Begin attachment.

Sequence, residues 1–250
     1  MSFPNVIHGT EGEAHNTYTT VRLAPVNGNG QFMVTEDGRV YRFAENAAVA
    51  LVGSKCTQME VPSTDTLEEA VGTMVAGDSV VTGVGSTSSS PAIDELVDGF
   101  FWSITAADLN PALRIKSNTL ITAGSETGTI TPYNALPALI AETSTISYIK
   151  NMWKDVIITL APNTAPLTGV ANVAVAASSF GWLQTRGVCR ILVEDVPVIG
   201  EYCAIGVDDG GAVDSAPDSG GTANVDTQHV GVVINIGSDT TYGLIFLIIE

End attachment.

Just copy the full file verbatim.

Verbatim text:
Sequence, residues 1–250
     1  MSFPNVIHGT EGEAHNTYTT VRLAPVNGNG QFMVTEDGRV YRFAENAAVA
    51  LVGSKCTQME VPSTDTLEEA VGTMVAGDSV VTGVGSTSSS PAIDELVDGF
   101  FWSITAADLN PALRIKSNTL ITAGSETGTI TPYNALPALI AETSTISYIK
   151  NMWKDVIITL APNTAPLTGV ANVAVAASSF GWLQTRGVCR ILVEDVPVIG
   201  EYCAIGVDDG GAVDSAPDSG GTANVDTQHV GVVINIGSDT TYGLIFLIIE